(Source: EU tax observatory, October 2021)

An opaque rule-setting

A major driver for ineffective rules is the lack of transparency of the G20/ OECD decision-making process. The opacity of the current decision-making procedures makes it overly difficult for the labour movement and other social partners to scrutinize on-going discussions and influence the process. Country positions during the negotiations are not made public.  No country impact assessment of the proposed rules have been released, making it impossible for the public to assess to which extent the proposed deal serves the public interest. A global impact assessment has been released only 8 months after the global tax deal has been endorsed by the G20. 

This lack of transparency raises strong questions as to the accountability of the G20/ OECD decision-making process.

3.     PSI recommendations

In the light of these concerns, PSI calls on the UN Secretary General to consider ways to formally bring international tax cooperation at UN headquarters, under an inclusive, transparent and more effective institutional setting.

Upcoming intergovernmental discussions should have for objective the negotiation of a UN Tax Convention that would set goals, key principles and core institutions for an international governance on tax matters. The Convention should recognize unitary taxation as the most effective method to eradicate corporate tax avoidance. Key principles should also include curbing tax competition, allocating taxing rights where economic activity takes place, and the promotion of tax transparency.

Considering the impact of international tax governance on national interests, all countries should be able to participate on an equal footing in the negotiations. This means that adequate financial resources and a detailed roadmap are essential elements for the success of the upcoming intergovernmental process.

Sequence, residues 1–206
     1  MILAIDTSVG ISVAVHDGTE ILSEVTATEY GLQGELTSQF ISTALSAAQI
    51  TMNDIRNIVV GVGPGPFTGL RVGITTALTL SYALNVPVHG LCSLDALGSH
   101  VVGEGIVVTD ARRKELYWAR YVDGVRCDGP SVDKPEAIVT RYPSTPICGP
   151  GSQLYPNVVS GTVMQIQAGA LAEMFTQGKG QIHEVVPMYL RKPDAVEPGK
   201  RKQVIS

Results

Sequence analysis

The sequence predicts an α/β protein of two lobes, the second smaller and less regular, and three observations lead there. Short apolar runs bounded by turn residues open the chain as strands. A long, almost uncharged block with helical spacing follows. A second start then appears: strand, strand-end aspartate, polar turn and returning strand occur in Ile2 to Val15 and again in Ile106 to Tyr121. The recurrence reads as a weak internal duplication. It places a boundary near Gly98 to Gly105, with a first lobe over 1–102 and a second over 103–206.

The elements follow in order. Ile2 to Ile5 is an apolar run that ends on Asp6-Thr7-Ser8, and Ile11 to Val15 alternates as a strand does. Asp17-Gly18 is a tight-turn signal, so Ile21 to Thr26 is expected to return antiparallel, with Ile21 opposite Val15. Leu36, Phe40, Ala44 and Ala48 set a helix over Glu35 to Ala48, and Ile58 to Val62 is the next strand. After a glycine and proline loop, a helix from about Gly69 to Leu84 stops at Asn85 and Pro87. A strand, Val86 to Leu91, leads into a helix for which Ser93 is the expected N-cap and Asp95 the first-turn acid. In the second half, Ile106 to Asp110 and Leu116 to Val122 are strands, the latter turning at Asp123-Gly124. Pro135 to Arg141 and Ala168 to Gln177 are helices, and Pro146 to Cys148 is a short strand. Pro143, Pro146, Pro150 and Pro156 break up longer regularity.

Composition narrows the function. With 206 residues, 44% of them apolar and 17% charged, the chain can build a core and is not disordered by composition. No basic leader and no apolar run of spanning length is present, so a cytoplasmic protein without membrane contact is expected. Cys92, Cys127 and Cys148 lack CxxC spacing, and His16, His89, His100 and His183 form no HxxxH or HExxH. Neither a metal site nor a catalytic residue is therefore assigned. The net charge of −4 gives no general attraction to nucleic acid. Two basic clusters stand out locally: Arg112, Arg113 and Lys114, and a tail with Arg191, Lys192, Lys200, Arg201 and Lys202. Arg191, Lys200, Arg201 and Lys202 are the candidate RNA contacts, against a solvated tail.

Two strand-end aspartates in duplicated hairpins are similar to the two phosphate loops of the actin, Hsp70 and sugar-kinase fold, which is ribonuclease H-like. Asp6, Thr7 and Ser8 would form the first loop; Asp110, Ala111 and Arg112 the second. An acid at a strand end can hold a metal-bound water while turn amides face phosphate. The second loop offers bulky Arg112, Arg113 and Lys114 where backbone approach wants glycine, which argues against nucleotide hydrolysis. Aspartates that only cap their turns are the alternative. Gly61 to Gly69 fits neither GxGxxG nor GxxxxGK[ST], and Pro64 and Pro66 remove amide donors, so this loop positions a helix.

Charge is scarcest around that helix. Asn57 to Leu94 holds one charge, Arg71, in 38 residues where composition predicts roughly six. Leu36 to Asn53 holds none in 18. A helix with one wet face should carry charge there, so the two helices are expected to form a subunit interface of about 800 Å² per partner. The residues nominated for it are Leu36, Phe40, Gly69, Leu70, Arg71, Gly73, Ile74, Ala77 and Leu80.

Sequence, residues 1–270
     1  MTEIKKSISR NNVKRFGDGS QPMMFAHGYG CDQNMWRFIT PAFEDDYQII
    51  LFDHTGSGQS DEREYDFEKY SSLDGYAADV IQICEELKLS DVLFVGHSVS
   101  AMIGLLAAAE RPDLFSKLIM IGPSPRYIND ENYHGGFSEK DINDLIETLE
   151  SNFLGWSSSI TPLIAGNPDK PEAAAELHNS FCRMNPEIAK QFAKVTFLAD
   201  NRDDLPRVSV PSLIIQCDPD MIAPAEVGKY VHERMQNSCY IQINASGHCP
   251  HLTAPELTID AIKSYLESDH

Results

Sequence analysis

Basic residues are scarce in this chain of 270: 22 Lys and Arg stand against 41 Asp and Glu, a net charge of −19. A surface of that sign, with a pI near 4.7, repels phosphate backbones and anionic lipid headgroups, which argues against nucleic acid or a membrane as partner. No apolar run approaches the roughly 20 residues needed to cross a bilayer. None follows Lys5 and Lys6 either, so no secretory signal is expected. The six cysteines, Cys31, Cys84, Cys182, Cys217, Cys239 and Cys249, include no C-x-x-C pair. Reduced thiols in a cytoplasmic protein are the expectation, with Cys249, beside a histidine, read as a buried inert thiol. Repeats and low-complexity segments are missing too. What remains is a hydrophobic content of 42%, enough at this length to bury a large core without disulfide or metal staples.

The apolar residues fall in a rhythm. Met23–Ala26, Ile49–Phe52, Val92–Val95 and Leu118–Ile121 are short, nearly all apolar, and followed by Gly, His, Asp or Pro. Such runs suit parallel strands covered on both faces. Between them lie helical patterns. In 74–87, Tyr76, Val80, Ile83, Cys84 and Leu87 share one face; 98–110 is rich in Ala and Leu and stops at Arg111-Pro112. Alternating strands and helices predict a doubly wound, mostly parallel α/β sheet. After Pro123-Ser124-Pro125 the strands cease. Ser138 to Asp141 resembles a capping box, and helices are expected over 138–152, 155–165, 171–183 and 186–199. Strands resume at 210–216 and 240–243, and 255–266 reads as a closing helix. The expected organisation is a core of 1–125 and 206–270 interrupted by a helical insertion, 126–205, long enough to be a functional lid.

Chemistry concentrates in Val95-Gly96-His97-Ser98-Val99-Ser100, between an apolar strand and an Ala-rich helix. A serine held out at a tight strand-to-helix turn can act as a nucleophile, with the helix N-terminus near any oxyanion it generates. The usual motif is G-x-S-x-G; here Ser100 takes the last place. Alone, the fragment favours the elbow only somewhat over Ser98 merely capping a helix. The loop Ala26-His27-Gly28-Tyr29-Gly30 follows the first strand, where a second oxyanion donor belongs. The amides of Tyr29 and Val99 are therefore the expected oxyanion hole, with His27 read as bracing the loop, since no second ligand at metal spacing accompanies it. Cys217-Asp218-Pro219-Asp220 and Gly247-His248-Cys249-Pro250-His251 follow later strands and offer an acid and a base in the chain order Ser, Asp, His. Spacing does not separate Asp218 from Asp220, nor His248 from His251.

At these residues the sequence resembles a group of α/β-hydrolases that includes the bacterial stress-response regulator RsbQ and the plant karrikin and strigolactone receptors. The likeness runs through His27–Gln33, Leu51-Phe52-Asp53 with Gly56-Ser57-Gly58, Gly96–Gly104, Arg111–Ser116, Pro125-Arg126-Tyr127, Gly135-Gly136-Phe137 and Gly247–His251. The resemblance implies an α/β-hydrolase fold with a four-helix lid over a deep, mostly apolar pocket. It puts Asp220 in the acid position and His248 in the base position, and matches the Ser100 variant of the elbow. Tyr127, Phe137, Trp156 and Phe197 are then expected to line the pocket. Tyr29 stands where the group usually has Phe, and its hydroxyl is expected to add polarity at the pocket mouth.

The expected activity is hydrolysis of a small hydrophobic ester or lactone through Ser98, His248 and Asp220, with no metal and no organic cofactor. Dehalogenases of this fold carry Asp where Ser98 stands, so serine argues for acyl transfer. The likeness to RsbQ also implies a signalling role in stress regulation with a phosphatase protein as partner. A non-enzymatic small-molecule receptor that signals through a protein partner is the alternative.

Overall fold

In the course of the negotiations, the labour movement and civil society should be able to hold their governments accountable. Transparency should therefore be secured throughout the intergovernmental process. Country positions, negotiating texts, overall progress and potential stalemates  should be made public. Unions, civil society and experts should also be able to feed submissions through regular consultations and observer status.

Lastly, the intergovernmental process should be considered as a forward-looking process and should not be used as an excuse to prevent or slow down national or regional progress. Moving international tax policy-setting should not mean throwing away current initiatives put in place to curb corporate tax avoidance, such as global minimum taxes and other measures to address the under-taxation of digitalised businesses.

Overall, what is needed is an improved coordination of the numerous existing instruments (UN tax Committee, FACTI panel, OECD/ G20 Inclusive Framework, Global Forum on Transparency and Exchange of Information etc.). Increased accountability and legitimacy should strengthen existing achievements, not weaken them, and offer a basis for robust ambition and concrete improvement.

[1] PSI/Tax Justice Network (2021), The State of Tax Justice

[2] PSI (2020), Tax Briefs

[3] OECD (2018), Tax Challenges Arising from Digitalisation – Interim Report

[4] US, India and Saudi Arabia Are Blocking OECD-led Pillar One, French Finance Minister Says | IBFD